Panel of Experts

Karl Schellscheidt

SAT Prep Expert

  • BSE, Princeton University '90
  • M.A., Secondary Education Seton Hall University '93
  • J.D., University of Pennsylvania Law School '00

Fred Hargadon

Dean of Admission

  • Swarthmore College
    (1964-1969)
  • Stanford University
    (1969-1984)
  • Princeton University
    (1988-2003)

Don Betterton

Financial Aid Expert

  • Director of Financial Aid, Princeton University (1973-2006)
  • Certified College Planner
  • Principal, Betterton College Planning

Seamus Malin

Admission Expert

  • Harvard University
    Dir. of Financial Aid
    (1966-1977)
    Asst. Dean of Admission
    (1977-1987)
    International Office Director
    (1987-2002)

When to Guess on the SAT Writing Section

Karl Schellscheidt

eprep test prep video
We’ve covered guessing on the SAT Math questions and Critical Reading sections. Now it’s time to discuss the dreaded SAT Writing section, particularly the multiple choice questions (you had better not “guess” on the essay) :)

When to Guess on the SAT Writing Section (transcript)

I want to briefly share my thoughts with you on guessing in the writing section. In particular it is the multiple choice portion of the writing section. There are two types of problems. The first type that comes up on a test is improving a sentence; it tests your editorial skills in a sense. What you should do in that section is correct or improve the sentence in your head before you look at the rest of the answer choices. Come up with your own improvement and if you can find one of the answer choices that are very close to yours, pick that one. If you find that one, pick it and move on. Do not waste time going through the wrong answers and verifying that they are truly wrong. You are going to need that time towards the end of the test.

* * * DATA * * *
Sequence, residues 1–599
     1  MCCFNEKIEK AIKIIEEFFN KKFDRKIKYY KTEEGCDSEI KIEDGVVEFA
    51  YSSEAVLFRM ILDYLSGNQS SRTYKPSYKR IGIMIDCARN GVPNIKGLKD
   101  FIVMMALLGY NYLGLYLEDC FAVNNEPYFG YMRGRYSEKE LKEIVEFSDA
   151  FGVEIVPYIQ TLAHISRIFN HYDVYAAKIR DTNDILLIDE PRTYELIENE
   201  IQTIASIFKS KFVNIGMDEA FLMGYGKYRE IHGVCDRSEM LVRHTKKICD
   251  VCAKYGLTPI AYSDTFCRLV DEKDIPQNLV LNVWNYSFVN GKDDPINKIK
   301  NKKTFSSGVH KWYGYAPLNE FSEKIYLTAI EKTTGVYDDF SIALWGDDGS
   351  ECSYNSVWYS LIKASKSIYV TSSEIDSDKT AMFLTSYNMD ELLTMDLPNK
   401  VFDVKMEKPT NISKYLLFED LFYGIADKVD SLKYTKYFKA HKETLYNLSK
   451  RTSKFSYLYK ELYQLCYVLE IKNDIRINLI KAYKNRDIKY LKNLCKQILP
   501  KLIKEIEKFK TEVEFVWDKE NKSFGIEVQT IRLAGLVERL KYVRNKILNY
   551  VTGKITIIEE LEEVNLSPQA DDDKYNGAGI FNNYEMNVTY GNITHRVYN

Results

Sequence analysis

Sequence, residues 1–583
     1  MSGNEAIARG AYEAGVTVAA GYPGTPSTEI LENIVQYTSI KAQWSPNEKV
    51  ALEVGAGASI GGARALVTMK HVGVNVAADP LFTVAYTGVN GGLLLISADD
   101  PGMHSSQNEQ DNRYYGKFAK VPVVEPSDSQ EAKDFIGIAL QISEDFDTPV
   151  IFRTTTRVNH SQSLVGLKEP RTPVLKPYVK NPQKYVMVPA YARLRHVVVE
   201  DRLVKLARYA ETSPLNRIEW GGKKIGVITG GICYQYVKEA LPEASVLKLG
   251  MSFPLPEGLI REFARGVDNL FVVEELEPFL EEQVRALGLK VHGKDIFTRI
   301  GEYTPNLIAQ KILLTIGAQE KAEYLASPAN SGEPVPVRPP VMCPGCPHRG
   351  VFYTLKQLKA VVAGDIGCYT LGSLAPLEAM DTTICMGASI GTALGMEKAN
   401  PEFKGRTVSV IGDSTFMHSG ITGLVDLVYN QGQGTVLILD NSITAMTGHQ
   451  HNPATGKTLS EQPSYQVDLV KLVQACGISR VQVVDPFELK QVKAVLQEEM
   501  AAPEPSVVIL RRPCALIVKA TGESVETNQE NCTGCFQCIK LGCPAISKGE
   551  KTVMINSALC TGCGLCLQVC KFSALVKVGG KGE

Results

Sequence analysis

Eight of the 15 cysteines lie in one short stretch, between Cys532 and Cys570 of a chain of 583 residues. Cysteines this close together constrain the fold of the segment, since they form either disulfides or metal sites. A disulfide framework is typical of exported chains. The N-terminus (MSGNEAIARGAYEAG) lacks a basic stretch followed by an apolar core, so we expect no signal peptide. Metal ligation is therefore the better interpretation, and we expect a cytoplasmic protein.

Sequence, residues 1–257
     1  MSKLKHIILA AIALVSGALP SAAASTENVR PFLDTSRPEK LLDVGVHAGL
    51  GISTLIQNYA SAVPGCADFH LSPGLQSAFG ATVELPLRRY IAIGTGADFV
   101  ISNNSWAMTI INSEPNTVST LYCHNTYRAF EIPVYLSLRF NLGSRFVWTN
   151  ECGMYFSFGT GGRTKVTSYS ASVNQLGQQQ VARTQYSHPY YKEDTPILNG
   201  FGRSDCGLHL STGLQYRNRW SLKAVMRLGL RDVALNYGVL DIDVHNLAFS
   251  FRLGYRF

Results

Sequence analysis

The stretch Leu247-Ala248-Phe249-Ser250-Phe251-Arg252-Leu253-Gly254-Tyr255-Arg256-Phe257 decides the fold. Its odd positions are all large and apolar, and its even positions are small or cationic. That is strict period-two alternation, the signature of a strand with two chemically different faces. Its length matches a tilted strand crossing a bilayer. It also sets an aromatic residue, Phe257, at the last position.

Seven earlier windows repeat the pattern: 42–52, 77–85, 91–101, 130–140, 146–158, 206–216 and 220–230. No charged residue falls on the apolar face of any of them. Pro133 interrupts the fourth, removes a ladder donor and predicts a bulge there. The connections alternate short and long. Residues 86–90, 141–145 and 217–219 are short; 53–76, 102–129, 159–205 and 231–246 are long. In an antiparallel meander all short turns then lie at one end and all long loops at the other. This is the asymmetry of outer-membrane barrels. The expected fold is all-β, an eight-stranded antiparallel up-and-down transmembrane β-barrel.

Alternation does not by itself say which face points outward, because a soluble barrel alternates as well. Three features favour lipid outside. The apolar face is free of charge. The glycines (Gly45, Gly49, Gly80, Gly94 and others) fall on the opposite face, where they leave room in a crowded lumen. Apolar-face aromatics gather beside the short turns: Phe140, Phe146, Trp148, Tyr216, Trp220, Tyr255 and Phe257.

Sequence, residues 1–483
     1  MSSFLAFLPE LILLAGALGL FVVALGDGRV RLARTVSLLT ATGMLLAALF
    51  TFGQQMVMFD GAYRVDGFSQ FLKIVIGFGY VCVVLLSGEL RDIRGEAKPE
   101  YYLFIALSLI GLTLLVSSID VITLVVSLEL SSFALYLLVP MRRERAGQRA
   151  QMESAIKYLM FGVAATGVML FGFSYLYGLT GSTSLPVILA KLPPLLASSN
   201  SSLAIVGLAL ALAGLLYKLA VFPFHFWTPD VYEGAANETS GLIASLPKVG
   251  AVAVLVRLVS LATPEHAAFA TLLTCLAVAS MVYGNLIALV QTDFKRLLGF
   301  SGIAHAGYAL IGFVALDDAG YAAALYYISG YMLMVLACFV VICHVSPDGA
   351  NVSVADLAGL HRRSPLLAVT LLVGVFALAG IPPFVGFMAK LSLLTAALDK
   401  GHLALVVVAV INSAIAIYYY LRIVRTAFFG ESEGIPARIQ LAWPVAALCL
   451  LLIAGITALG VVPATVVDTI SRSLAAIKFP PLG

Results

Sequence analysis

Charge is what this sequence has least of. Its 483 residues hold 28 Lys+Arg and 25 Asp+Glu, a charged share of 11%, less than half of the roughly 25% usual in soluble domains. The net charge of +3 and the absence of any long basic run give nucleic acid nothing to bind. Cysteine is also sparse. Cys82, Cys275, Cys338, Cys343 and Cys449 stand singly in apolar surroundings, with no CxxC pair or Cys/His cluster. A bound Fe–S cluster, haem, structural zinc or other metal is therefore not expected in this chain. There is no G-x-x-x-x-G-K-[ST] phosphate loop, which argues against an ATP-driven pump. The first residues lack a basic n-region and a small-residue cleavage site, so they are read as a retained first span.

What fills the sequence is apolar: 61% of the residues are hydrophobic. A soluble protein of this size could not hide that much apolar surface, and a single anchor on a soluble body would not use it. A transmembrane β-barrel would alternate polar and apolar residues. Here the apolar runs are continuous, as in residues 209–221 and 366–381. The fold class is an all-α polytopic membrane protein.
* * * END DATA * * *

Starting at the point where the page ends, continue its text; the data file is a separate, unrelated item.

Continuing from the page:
If you read it and you can not find a way to improve the sentence or you are confused, go to the shortest answer first. If there are two that work but one is more concise than the other it is the shorter one that will the best answer. If you have no clue after you read it and you can not think of a good improvement on your own, you might as well go through and do the shortest one first. If it works out, pick it and move on. If it does not work, go to the next shortest one until you find the right answer.

The next section that comes up in the multiple choice writing is denifying the grammatical error in the sentence. I suggest developing an ear for that section. Do as many practice tests as you can and develop an ear for what sounds right and what does not. Ultimately, if you have a good ear for that section it will carry you through pretty quickly and painlessly. If you do not have a good ear do not worry about it. Do a lot of practice problems, review the correct answers, figure out why they are correct and start to develop a good ear for yourself.

If you can eliminate one or more wrong answers for example: In the first section if you see a pronoun “they” and you are looking for the noun and you can not find one in the sentence; “they” needs to be replaced by a noun and the answer choice that has “they” in it should be quickly eliminated. If you can eliminate some definite wrong answers you might as well take a guess and move on to the next problem and hopefully that will maximize your score.

Karl Schellscheidt
ePrep, Inc.

http://blog.eprep.com

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